These players have demonstrated a professionalism and dedication to their careers that has ensured their continued participation at the highest level of the game. It is vital for young players to have a trusted support network and a strong mental determination to continue working towards their goals.

Jarrod Bowen had a rough start in his football career where he was rejected by both Aston Villa and Cardiff at a young age before joining Hereford United. In his case, his youth team manager Pete Beadle at Hereford helped support Bowen who continued to work hard to fight for a future in the game.

“The Cardiff one was the hardest to take because I was a little older and thought it was the end,” he recalls. “Off the top of my head, I can’t remember the exact reasons, but basically they said I wasn’t good enough.” He continued to be named Young player of the EFL du Month in August 2017.

When a player begins to reach the final stages of the Academy system, decisions begin to be forced on them. At such a young age it can feel like their whole future could fall apart all around them and without emotional and mental support it can be a dangerous position for a young player to find themselves in. and many will find it too hard.

Oshor Williams noted “Of those who enter the game at the age of 16, two years later, 50% will be outside professional football. If we look at the same cohort at 21, the attrition rate is 75% or more ”.

It can be difficult for someone to take stock of their situation and find the most reasonable solutions. This is especially true when you are part of an academy system and to expect be part of the first team. To make the decision to fall into the non-league and seek to rebuilding a career is intimidating for some, and maintaining the level of professionalism and determination on a daily basis to keep fighting for their dream takes on a very strong character.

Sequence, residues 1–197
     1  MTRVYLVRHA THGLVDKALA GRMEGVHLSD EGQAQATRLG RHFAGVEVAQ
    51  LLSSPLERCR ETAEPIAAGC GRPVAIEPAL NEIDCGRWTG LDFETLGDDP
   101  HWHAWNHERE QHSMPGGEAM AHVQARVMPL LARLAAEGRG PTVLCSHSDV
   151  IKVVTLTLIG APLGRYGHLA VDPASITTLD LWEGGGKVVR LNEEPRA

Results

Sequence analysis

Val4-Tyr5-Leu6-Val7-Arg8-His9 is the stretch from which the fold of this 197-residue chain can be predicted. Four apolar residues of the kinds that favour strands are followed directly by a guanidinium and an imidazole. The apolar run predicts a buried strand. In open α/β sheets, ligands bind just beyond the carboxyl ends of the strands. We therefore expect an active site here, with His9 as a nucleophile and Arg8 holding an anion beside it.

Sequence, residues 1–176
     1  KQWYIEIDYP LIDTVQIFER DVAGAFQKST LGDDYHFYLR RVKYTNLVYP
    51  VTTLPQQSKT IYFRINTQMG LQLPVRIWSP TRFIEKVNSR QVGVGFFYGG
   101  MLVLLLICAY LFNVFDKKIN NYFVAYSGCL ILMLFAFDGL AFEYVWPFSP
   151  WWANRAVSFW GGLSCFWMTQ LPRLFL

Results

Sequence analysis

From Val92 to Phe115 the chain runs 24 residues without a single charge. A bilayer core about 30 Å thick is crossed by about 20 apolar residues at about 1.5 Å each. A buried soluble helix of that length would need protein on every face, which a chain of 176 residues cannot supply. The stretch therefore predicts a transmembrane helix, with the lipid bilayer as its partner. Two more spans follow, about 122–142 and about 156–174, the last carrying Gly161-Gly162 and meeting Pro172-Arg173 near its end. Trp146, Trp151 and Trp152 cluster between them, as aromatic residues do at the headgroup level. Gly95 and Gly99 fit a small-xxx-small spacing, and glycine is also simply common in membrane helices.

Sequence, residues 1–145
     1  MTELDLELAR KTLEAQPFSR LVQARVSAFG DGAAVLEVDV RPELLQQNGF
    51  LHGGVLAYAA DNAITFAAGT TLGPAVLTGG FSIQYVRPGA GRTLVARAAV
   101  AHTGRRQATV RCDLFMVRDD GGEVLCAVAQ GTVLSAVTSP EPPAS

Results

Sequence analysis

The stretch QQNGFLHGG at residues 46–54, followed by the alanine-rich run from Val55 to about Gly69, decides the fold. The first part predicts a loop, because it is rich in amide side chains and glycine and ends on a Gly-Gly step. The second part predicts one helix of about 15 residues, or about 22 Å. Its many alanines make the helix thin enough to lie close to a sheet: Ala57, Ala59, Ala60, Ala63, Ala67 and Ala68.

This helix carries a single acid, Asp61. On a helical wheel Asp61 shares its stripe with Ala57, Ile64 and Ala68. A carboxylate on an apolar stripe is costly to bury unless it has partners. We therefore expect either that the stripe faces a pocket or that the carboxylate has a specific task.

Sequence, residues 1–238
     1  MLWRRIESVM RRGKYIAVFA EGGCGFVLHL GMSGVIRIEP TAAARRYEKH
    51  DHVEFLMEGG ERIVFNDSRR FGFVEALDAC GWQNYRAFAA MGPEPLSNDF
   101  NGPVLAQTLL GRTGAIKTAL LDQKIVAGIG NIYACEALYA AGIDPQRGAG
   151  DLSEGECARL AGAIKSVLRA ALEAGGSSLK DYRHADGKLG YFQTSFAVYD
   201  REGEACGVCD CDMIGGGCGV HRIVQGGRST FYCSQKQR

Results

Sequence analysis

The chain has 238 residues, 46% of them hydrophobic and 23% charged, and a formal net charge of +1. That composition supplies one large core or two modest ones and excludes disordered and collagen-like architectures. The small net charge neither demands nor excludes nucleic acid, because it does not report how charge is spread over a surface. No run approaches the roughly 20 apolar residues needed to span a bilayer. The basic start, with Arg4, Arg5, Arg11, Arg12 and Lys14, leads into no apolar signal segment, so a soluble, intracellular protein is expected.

The challenges are vast

The challenges that come with training at the academy level all the way out of the league can begin with time and facilities. From regular training sessions with highly qualified coaches who often work full time in their coaching careers, can give a young player an idea of ​​what is needed to progress. The time available to train, the lower budget for facilities and equipment, as well as coaches and managers working part-time, can take some adjustment time. To progress, the player must show that he can continue to work outside the club sessions. If their families can, they can hire private coaches to continuetheir training throughout the week. Yes not, they will need to research and commit to their own training plan in order to maintain their fitness as well as their ability to play.

Finding the right club is vital for a player when he leaves the football academy for the non-league. Did Bowen go to a team that didn’t match his style of play, or did he have the support of his coaches?, then the career he excelled in may not have happened. It’s the same at any level, from Premier League to non-league, if a player doesn’t feel comfortable in the team, they may find it difficult to reach their full potential. Clearly the options may be more limited when looking for a lower level side to locate the right style of pla,Yes so there will always be a need to adapt and learn, which will bring long term benefits to a player throughout their career.

Mental resilience and determination are vital skills a player needs to bounce back from academy rejection and return to where they think they belong. Bowen, like all the others, can name the people who showed their support and helped them get back on track. These traits and external influences have been essential for people like Bowen in achieving his dream of Premier League football.